When Yelizaveta Uvarova becomes a mayor of a small town, she puts her heart and soul into building a bridge there. Yet soon politics will have to make way for her family life as her son suddenly dies.
Month: May 2020
A concentration camp on a barren island is hell for the exiled prisoners. The everyday life of the people who live there consists of interrogations, psychological and physical violence, arbitrary punishments and other torments. One of the prisoners who refuses to yield is subjected to torture. Trying to escape, he falls into the sea. When the Queen visits the island, the prison guards find the runaway and murder him without a second thought, since he is already assumed dead.
This documentary financed by George Plimpton concerns the life of reclusive Australian artist Vali Myers. Heralded as a great artist in 1958, she married Rudi Rappolid after a failed suicide attempt. The cinéma vérité-styled feature tries to bring the viewer some semblance of her reclusive and eccentric personality. Myers eschews the public spotlight and has never agreed to sell any of her artwork to collectors, choosing instead to lead a life of quiet obscurity.
A family trip which transforms into a tragicomic psychological drama. Claiming that it was her son’s wish, Grandma Valerie is determined to transfer his urned remains from the small Czech town to their native Slovakia. Her daughter-in-law accompanies her, as do her two adult granddaughters, one nearing the end of her pregnancy with a five-year-old in tow, the other with her husband. Tense relations and conflict come to a head along the way, and the truth erupts from under layers of pretence and deferential consideration. The truths revealed are at times surprising, at others bitter or even comic, but always cleansing.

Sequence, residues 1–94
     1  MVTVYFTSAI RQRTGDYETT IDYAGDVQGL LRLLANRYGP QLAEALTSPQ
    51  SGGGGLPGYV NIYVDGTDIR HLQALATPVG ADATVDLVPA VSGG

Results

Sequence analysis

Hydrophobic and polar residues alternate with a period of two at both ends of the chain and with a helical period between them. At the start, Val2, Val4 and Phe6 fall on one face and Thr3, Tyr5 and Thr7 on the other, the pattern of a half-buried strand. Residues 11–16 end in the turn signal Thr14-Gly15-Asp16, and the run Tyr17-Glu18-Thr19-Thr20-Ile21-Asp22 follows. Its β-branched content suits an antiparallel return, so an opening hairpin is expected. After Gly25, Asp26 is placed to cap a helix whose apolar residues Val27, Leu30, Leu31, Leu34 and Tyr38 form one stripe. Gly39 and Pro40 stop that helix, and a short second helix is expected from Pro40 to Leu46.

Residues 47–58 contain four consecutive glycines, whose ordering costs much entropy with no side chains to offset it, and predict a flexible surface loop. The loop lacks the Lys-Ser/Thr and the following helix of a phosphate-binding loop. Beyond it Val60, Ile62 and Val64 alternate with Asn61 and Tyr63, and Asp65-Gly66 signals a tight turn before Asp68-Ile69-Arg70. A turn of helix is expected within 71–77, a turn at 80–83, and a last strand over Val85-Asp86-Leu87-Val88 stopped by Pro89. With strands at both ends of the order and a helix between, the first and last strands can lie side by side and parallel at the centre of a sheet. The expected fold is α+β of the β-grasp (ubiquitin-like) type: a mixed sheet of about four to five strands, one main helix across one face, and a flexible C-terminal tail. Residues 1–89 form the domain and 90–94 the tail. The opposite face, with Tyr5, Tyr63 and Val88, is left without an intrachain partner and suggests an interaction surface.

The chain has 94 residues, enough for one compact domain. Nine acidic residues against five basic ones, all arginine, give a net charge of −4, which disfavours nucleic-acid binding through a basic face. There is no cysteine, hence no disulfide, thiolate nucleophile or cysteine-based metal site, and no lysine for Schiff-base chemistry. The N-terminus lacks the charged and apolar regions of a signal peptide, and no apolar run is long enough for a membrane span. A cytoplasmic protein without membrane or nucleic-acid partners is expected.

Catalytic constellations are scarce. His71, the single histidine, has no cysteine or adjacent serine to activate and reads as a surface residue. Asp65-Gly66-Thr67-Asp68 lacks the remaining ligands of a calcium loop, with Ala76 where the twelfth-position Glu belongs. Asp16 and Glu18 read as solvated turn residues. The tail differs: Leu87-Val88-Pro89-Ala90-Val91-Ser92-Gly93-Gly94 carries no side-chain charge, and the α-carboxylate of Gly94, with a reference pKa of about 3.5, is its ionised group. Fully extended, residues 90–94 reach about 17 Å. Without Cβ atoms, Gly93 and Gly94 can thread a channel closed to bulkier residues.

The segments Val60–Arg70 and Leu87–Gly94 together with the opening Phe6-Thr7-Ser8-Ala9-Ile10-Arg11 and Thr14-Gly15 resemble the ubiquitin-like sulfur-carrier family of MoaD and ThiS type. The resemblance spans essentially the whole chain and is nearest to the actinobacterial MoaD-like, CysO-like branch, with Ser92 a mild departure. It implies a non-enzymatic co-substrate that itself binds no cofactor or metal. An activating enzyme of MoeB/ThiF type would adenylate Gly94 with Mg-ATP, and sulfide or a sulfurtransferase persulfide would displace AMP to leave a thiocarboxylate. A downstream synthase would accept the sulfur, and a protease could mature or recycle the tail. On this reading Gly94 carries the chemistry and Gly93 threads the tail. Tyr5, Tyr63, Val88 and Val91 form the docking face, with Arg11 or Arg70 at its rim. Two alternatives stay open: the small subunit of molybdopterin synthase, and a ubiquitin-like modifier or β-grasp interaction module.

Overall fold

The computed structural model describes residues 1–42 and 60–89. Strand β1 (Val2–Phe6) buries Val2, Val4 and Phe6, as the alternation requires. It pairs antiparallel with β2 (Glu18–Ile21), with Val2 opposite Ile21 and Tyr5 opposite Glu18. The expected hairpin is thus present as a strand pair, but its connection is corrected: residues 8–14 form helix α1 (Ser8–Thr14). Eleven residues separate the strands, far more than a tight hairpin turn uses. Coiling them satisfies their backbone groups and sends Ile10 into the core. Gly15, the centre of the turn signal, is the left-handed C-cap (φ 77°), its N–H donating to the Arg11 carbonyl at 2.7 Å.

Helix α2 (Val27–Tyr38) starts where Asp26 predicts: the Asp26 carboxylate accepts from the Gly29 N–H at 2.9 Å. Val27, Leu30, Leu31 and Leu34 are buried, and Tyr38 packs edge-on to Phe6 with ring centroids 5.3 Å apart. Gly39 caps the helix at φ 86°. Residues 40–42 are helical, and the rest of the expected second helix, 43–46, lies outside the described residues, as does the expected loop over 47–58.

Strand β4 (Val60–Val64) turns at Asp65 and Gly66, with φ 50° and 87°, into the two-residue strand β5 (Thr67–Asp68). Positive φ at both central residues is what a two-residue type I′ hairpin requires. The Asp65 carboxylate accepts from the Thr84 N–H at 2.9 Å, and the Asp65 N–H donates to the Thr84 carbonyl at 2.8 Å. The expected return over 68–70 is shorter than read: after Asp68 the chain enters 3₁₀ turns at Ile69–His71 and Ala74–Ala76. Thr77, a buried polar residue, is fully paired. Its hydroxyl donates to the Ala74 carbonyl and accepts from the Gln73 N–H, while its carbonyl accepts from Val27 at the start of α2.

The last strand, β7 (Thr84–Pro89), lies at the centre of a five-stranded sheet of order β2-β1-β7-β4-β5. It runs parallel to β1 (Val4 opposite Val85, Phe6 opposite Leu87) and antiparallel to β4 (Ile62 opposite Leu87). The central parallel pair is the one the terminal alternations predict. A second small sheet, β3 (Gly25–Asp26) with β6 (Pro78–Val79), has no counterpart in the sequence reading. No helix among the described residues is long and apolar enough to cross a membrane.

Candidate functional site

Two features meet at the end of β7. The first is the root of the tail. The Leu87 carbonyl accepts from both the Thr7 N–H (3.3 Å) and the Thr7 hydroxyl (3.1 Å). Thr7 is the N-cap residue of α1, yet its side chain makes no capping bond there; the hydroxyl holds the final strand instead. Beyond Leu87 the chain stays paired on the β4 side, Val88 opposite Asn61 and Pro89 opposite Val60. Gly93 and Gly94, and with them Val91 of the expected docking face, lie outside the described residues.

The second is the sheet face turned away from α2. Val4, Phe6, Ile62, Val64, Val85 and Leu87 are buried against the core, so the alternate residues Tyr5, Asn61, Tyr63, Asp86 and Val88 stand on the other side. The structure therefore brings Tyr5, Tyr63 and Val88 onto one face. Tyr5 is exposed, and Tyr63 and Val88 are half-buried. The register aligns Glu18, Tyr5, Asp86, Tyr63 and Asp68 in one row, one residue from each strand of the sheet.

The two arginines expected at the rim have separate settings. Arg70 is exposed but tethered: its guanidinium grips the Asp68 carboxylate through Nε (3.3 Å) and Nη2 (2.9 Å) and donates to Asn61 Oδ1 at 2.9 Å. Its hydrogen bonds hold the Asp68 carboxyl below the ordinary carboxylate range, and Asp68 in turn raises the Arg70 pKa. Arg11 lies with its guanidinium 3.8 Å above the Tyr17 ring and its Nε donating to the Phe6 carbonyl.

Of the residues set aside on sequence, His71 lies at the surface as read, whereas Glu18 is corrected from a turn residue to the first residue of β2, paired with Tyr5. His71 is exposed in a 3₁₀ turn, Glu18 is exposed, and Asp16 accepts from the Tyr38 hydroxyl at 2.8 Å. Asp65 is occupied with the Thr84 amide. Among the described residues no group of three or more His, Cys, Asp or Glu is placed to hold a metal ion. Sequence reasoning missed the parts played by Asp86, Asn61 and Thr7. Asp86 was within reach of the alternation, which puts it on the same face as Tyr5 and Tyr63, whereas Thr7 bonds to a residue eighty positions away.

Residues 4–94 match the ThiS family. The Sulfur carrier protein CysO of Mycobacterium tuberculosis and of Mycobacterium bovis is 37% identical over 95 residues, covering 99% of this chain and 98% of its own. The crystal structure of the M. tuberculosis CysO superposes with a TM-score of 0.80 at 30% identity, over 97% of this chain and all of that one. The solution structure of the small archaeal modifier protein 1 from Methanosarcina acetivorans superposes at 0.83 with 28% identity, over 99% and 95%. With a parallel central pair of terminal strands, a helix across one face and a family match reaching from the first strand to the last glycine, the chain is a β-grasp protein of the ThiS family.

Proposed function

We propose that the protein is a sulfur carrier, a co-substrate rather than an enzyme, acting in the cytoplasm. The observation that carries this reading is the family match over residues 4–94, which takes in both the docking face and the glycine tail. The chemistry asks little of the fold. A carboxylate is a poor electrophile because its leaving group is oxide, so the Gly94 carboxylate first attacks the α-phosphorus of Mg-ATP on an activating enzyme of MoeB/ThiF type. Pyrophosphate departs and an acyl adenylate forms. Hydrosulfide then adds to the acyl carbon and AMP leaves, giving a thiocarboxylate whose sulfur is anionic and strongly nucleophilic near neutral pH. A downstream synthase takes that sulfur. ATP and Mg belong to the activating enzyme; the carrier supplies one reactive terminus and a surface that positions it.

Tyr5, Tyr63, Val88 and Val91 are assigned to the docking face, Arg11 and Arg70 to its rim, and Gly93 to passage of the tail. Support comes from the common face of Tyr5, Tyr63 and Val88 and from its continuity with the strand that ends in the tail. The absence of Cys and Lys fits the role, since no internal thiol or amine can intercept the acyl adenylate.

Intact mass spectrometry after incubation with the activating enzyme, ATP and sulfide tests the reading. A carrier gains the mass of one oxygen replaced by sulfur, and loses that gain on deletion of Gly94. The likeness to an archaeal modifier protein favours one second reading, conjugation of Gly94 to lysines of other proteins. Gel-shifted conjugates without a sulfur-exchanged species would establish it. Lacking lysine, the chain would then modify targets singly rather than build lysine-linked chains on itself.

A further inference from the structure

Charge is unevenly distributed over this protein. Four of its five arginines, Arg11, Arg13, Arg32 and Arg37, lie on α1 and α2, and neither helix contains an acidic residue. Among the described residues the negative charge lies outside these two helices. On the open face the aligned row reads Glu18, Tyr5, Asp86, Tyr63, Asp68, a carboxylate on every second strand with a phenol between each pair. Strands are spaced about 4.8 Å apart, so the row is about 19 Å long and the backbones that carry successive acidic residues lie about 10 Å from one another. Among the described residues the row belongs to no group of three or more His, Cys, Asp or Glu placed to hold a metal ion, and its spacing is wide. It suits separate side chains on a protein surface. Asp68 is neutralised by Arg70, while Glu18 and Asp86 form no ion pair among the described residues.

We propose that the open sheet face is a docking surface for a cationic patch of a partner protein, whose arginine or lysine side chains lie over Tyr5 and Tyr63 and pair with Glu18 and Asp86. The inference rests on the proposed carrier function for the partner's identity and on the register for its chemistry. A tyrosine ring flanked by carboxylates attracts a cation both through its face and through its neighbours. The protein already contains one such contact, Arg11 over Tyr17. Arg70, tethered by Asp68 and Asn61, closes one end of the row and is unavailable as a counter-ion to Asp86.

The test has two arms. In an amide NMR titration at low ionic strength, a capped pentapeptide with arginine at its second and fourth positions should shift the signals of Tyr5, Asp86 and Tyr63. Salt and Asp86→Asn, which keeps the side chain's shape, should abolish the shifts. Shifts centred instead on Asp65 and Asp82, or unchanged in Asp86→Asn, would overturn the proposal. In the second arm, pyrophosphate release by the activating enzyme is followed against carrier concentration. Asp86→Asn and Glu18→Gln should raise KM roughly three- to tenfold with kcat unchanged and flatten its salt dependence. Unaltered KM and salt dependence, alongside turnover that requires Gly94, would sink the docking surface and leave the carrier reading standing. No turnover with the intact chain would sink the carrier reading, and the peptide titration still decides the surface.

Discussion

In 1973 surfer and sometime director of photography George Greenhough got tired of the overcrowded beaches of Southern California and set of on a journey of discovery. He designed and built his own surfboards, some equipped with underwater camera equipment. With a small group of friends he built a boat and went off the map to find some waves they could truly call their own. This journey of discovery became a breathtaking cinematic trip. Combined with the music of Pink Floyd, an understated first person narrative, and some of the best surfing footage I believe has been ever shot they created one of the most remarkable works of art ever made.
In 1942, in Vilnius, the Nazi annihilate 55,000 Jews and squeeze the 15,000 survivors in a seven blocks ghetto. The twenty-two year old sadistic commander Kittel is assigned to administrate the ghetto in the capital of Lithuania, becoming the master of life or death. When he finds the gorgeous Hayyah sneaking with one kilo of beans stolen from the German army, he sentences her to death; but when he is informed that she was a former successful singer, he decides to activate the old theater and promote shows in the ghetto. The Jewish Chief of Police, Gens, uses the theater and a sewing factory to save as much lives as he can; in his ambiguous position, he kills Jews to save lives of others.
With the help of a couple of her oddball friends, a woman takes her former lesbian lover to a hotel to convince her that their affair shouldn’t end. After much shouting and some sex, things complicate when the lover’s husband shows up.
An aging salesman is fired from his job after a long career in it. Broken, without much to look forward to, he tries reconnecting with his wife and kids who he had always put down as he dedicated himself to work.